Saturday, February 21, 2004

Talk radio becomes part of nation's male fabric

Florida Today

Sports fan John Gans listens to sports talk radio when he is driving or working in his yard, so he'll have something to talk about at the bar he manages.

Like anyone else who listens to a format that encourages contentious and highly charged discussions, Gans has gotten mad enough to want to pick up a phone and start punching numbers.

"I get the urge to call, but I don't act on it because the majority of the time you have to sit on hold for 45 minutes," he said.

He's finally made the call, though - several of them. His local ESPN radio station began to air two hours of political commentator Bill O'Reilly, shaving 60 minutes each off popular sports hosts Tony Kornheiser and Dan Patrick, and an unhappy Gans let the station know about his displeasure.

That's how ingrained talk radio has become in many sports fans' lives.

A format initially scoffed at when it was proposed in the late 1980s has become so big that most large cities have more than one sports-only station, said Jeffrey Yorke, a spokesman for the National Association of Broadcasters.

At a time when two-newspaper cities are on the endangered species list, that speaks volumes about the demand for sports-talk radio.

"I think the passion that exists with sports; that's never going to go away. That's what makes it such a good format," said Bruce Gilbert, the general manager of ESPN Radio. "(Fans) vicariously live in the car and office and want to play along."

ESPN has been giving sports fans a chance to play along since 1992. ESPN Radio's new digs are a good indicator of how much sports-talk radio has grown.

After broadcasting out of a small room not much bigger than a walk-in closet for a decade, ESPN Radio recently took over an entire floor in one of the buildings that encompasses the ESPN complex in Bristol, Conn.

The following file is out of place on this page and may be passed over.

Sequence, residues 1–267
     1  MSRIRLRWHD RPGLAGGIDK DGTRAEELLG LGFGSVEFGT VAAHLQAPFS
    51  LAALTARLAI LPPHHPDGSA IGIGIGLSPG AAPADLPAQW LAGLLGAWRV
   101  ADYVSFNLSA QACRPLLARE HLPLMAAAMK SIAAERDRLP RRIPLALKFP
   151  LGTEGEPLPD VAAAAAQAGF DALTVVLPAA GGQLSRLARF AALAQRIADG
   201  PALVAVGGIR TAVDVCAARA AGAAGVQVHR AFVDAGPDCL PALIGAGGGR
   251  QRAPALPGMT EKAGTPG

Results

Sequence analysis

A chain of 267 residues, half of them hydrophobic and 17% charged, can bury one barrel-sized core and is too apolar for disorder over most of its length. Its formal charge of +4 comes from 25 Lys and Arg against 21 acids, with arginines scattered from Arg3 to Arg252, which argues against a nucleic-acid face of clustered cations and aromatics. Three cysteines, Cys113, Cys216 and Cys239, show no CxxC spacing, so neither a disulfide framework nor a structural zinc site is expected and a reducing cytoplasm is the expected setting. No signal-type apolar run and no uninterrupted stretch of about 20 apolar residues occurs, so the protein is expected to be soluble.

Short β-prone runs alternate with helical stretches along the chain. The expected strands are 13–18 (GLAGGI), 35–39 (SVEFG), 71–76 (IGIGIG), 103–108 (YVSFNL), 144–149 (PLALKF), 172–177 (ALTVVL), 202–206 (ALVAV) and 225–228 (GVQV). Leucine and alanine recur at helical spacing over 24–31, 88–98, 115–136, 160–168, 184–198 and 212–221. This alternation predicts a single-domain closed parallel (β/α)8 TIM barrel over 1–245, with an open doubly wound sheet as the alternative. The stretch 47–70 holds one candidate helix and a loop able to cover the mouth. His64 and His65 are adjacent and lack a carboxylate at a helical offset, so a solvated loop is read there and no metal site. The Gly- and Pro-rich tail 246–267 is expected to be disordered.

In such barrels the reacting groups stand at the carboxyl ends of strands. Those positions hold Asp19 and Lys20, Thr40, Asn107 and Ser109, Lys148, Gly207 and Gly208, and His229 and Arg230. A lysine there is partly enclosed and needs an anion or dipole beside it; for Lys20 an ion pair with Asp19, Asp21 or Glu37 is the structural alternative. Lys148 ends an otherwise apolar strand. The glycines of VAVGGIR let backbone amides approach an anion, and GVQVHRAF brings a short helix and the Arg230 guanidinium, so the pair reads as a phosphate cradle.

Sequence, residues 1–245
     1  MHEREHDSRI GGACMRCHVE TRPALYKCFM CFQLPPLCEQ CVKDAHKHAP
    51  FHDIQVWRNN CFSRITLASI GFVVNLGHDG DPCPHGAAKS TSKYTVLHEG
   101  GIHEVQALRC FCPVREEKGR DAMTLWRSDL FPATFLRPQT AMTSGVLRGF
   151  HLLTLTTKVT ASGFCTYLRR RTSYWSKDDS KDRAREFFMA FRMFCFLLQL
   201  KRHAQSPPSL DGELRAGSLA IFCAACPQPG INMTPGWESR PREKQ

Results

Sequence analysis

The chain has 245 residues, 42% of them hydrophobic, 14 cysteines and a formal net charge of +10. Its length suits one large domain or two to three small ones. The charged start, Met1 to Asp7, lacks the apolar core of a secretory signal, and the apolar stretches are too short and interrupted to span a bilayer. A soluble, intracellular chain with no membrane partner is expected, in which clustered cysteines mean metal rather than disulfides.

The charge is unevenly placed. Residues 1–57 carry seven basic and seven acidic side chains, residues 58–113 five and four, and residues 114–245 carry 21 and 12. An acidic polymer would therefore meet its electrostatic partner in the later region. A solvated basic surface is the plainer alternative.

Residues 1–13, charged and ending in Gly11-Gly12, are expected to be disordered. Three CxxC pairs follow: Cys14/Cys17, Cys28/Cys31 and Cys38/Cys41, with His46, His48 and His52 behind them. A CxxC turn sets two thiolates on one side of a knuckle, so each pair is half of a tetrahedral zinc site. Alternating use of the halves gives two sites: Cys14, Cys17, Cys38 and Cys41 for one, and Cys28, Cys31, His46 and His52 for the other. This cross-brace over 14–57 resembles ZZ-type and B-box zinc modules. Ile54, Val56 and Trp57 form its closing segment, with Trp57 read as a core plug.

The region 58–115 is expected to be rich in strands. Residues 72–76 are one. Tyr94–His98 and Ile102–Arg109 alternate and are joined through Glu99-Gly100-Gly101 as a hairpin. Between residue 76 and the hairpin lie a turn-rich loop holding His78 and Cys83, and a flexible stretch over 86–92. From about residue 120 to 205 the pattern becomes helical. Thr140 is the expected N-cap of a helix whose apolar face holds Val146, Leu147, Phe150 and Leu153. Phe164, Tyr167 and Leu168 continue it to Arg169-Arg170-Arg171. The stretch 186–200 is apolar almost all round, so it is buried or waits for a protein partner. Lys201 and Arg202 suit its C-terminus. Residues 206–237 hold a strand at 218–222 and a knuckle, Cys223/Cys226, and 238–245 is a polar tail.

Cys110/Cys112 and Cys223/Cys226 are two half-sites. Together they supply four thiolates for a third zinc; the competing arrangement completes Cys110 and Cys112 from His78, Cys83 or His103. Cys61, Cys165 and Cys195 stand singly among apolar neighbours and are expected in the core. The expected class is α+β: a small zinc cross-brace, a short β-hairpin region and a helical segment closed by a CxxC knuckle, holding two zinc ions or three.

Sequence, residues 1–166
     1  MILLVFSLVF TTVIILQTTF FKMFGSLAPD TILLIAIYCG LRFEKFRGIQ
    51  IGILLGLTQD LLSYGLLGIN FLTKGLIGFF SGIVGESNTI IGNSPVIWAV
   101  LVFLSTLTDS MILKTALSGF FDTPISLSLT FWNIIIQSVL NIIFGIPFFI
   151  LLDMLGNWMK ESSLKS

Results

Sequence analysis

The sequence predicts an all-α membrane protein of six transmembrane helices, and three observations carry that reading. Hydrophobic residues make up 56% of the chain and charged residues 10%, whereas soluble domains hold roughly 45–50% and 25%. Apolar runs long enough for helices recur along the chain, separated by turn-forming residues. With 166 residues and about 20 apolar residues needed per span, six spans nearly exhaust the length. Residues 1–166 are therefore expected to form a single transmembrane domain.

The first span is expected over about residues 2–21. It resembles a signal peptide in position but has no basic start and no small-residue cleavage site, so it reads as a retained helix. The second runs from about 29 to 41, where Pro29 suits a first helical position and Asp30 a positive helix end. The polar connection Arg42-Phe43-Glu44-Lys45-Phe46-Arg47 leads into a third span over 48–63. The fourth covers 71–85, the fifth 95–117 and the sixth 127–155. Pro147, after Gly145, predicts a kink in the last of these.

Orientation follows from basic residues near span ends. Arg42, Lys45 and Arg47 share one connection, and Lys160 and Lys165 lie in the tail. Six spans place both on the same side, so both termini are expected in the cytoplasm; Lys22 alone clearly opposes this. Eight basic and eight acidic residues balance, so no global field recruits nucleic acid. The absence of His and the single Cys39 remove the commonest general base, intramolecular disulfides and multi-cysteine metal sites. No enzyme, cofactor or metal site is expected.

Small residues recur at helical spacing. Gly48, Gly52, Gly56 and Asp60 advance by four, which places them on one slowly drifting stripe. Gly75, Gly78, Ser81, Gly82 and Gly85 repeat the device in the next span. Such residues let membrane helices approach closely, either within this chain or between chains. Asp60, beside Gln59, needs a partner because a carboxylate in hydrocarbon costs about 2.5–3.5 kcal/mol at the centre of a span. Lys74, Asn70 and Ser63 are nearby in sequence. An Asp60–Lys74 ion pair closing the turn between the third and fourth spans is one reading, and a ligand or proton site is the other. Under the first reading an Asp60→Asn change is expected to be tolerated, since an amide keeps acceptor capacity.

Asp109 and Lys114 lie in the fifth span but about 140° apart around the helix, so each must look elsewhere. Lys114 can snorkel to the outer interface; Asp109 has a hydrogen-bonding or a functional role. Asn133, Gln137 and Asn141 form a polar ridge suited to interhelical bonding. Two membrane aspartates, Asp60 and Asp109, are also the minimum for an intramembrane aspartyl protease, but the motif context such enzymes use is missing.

When Jeff Smulyan proposed switching a New York City radio station from a country music format to all sports in 1987, he encountered some - let's call it skepticism.

"Friends in the industry thought I was stark-raving crazy," Smulyan said. "In my own company, nobody wanted to do it. Some of my senior managers did it as a favor to me."

Terry Bowden had no time for talk radio when he coached football at Auburn University. Hosts and callers were armchair quarterbacks and naysayers that Bowden, who coached the Tigers from 1993-98, didn't need.

"I wouldn't dare listen," he said, "because it can be so negative."

Now, a quirk of fate - and, of course, the foresight of Smulyan, who has turned New York's WFAN into one of the best-known stations in the country - has placed Bowden in the role of sports-talk radio host.

But Bowden's Florida-only show, like most others of its ilk, is not just straight sports.

For example, one recent discussion segued into talk about Ben Affleck and Jennifer Lopez' breakup. A chat about a plane that skidded off a runway with St. Louis Cardinals manager Tony La Russa aboard prompted Bowden and co-host Daniel Dahm to talk about scary flying experiences.

The chat shows how elastic the format is and refutes a stereotype about those who regularly listen to sports talk radio.

"It's really entertainment for guys," said Rick Scott, president of RSA Sports International, a sports radio consulting firm. "It's been referred to as a sports bar on the radio or a Tupperware party for guys. Good sports radio is way beyond that. It's about entertaining personalities that are fun to listen to."

On the Web

ESPN Radio's schedule:

New York's WFAN radio:

Orlando station that hosts Terry Bowden's show 4-7 p.m. weekdays:

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Talk radio becomes part of nation's male fabric
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